10. Alshon Jeffery, CHI
Jeffery got hot late last season, catching at least 1 TD pass in all six games from Week 11 to Week 16. He also had 70+ receiving yards in five of those six games. With Brandon Marshall now gone, Jeffery becomes the clear cut #1 WR in this offense. He also has one less big receiver to compete with for red zone targets. Assuming all gets well with his training camp calf injury, Jeffery has a chance to approach the 1,421 yards he put up in 2013.
11. Randall Cobb, GB
When Cobb signed a free agent deal which was larger than Jordy Nelson’s deal, it raised a few eyebrows in the sports world. Now that Nelson is out for the season (ACL) Cobb has a golden opportunity to prove he was worth the investment. Cobb is coming off of his first 1,000+ yard season, and his 12 receiving TDs last year were 1 fewer than his career total heading into last year. He stepped up big in a contract year, but now has to prove he’s a legitimate #1 WR in the NFL.
12. DeAndre Hopkins, HOU
Hopkins’ breakout 1,210 yard season from a year ago came despite having Andre Johnson around. Now that Johnson, who was targeted over 140 times in 2014, is gone Hopkins is locked in as the go-to WR in Houston. Hopkins’ season ended in disappointing fashion with just 43 yards total over his final two games. Blame Case Keenum for that. The Hoyer/Mallett combination should be better for Hopkins than Keenum was.
13. Amari Cooper, OAK
We saw some big seasons from rookie WRs last year (Odell Beckham Jr, Mike Evans, and Kelvin Benjamin immediately come to mind) and Cooper could have that kind of impact in 2015. It is apparent that the Raiders plan to use Cooper in a large variety of ways and will look to force-feed him as much as possible. Expect a very high usage rate here, which will mean only good things for the precision route runner.
14. Jordan Matthews, PHI
In each of Chip Kelly’s two years coaching the Eagles, his offense has produced a 1,300 yard receiver. Stepping into the #1 WR role for the Eagles this year is Matthews. He was overshadowed by bigger names in his draft class, but Matthews is coming off of a solid rookie season in which he had 8 TD receptions. All reports indicate he has looked faster and better in camp, and he should be the next WR to post big numbers in the Kelly system.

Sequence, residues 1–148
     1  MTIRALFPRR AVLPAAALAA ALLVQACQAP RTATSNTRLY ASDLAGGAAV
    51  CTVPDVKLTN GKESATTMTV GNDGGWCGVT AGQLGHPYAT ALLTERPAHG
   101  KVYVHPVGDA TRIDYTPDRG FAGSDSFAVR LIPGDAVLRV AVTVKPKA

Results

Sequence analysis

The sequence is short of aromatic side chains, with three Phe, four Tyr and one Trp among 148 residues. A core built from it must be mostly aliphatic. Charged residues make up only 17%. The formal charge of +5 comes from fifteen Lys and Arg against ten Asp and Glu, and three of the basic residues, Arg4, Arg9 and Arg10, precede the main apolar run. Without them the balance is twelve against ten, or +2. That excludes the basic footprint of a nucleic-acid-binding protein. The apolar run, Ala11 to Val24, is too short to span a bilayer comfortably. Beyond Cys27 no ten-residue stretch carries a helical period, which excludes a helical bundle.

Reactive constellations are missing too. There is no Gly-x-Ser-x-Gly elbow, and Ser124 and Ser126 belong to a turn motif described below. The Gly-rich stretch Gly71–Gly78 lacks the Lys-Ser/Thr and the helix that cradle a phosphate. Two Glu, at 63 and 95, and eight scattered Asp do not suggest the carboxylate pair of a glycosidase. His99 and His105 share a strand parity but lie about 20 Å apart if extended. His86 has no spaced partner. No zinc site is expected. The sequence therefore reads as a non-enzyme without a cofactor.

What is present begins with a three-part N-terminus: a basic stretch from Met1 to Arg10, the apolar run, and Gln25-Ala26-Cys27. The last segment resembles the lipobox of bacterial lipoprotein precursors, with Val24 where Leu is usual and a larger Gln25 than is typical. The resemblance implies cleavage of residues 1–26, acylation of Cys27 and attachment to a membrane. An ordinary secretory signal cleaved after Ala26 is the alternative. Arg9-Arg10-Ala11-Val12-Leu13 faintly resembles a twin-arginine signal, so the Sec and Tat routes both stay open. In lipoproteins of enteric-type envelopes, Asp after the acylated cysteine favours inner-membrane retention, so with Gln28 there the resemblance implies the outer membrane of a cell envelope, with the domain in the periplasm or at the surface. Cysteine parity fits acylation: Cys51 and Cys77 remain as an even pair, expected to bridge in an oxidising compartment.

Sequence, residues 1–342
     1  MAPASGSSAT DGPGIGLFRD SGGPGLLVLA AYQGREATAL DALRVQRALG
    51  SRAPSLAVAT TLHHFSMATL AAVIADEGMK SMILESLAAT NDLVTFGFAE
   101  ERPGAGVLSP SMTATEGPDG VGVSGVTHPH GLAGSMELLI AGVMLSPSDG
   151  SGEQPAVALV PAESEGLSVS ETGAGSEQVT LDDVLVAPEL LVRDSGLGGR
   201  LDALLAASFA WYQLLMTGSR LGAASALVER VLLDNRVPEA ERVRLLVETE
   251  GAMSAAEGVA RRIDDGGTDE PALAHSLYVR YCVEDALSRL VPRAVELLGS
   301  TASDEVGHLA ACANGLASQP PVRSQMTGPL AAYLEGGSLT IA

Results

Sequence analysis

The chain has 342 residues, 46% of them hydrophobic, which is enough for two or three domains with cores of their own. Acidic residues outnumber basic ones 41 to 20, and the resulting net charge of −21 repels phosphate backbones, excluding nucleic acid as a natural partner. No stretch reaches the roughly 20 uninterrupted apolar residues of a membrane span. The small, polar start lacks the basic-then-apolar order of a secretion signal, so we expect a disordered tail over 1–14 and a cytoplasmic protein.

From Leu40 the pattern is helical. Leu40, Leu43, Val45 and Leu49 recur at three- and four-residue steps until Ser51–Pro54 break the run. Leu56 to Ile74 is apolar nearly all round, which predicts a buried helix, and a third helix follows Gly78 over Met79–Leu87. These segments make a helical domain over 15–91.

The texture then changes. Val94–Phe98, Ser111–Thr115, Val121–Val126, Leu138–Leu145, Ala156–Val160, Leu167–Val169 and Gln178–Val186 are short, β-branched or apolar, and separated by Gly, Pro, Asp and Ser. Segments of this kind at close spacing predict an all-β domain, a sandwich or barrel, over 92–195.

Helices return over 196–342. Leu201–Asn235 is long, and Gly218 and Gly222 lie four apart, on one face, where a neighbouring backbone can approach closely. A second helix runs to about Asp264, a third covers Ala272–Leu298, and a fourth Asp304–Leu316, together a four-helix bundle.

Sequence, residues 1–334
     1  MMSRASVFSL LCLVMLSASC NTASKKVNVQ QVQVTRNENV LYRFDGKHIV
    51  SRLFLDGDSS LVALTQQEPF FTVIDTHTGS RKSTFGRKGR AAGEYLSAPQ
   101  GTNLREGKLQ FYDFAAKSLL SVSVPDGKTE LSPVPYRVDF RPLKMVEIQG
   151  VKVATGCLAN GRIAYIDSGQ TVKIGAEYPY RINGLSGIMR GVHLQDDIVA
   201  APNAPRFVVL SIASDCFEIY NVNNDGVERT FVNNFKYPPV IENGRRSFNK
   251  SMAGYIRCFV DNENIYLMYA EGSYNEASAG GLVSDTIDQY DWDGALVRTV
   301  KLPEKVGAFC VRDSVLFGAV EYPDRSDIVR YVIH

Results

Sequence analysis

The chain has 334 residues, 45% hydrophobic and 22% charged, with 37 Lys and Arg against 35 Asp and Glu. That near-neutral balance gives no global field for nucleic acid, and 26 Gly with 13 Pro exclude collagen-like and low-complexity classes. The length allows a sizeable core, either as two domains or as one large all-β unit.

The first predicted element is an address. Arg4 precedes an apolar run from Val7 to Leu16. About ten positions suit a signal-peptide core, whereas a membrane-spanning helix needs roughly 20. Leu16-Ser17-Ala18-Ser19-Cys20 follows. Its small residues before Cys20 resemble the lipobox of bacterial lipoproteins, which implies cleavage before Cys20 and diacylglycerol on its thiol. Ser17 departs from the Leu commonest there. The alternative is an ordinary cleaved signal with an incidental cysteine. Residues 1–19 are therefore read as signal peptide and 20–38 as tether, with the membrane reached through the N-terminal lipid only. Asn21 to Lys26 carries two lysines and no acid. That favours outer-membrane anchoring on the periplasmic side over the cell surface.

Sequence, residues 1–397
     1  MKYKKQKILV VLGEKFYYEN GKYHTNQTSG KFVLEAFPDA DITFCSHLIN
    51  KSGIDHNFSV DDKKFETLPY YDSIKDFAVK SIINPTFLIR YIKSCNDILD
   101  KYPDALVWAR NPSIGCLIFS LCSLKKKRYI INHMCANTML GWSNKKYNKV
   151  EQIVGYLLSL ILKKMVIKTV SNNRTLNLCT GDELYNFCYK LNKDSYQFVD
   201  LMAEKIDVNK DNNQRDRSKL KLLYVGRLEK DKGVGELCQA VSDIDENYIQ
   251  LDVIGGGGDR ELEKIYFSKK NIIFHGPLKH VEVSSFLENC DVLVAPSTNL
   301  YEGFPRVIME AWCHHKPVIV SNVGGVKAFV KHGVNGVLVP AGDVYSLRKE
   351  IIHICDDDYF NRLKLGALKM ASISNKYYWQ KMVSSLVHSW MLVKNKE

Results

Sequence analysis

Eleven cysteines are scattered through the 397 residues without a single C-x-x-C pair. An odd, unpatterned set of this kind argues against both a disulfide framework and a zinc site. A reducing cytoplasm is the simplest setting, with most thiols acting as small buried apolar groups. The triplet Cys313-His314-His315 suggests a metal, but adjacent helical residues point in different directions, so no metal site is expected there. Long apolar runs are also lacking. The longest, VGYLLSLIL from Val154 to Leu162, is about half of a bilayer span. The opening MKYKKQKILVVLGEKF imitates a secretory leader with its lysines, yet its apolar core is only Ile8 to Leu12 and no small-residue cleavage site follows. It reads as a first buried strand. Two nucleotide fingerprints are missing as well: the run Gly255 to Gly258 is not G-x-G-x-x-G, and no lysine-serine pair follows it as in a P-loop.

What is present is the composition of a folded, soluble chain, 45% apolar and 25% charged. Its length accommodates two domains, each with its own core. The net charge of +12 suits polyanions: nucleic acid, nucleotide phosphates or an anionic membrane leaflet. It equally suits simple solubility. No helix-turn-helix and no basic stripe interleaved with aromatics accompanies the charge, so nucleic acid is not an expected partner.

Kelvin Benjamin, CAR (out for season – torn ACL)
It took Benjamin no time at all to prove his value to Carolina’s air attack last season. He caught a TD pass in five of his first seven games, immediately establishing himself as the new #1 WR in the Panthers’ offense. Only five players in the league saw more targets than Benjamin did in 2014, and he was relentlessly targeted whether he had broken away from coverage or not. No veteran help was brought in, so he should continue to be a high volume productive receiver.
15. Brandon Marshall, NYJ
Playing under Chan Gailey should be beneficial for Marshall. Gailey had current Chargers WR Steve Johnson in Buffalo from 2010 to 2012, and those just happen to be the only three 1,000 yard seasons of Johnson’s career. Don’t be scared off by Marshall having Ryan Fitzpatrick at QB. DeAndre Hopkins managed to have a breakout year in Houston with Fitzpatrick, and Fitzpatrick had his best seasons in the Gailey offense.
16. Emmanuel Sanders, DEN
It’s hard to put a guy this far down the rankings who is coming off of a season with over 100 catches and over 1,400 yards. However, with Gary Kubiak and his run-oriented offense coming to town we can expect Sanders’ career numbers from last year to decrease in 2015. Just ask him – Sanders says “My goal is really to try to get 1,000 yards to just help this team win ball games.” (source – denverbroncos.com) He can still go well over 1,000 yards with Peyton Manning still at the helm but probably will fall short of another 1,400-yard season.
17. DeSean Jackson, WAS
The quarterback carousel in Washington did not stop Jackson from posting his second straight season with over 1,100 yards. His 20.9 yards per catch was a full 3 yards more than any player in the league with at least 30 receptions, and was his highest average since 2010. The instability at QB isn’t going away any time soon, but Jackson has proven to be capable of big plays and games no matter what happens under center.
18. Andre Johnson, IND
Usually, a 34-year-old player who saw a 468 yard decline in yardage from two years ago to last year (despite only playing one fewer game) would not be ranked this highly. An exception has to be made for Johnson. First of all, Andrew Luck is far and away the best QB Johnson has ever played with. Also keep in mind he had back-to-back seasons in 2012 and 2013 with over 100 receptions and 1,400 yards. Despite playing a complementary role to T.Y. Hilton, Johnson is almost guaranteed to bounce back in the Colts’ offense.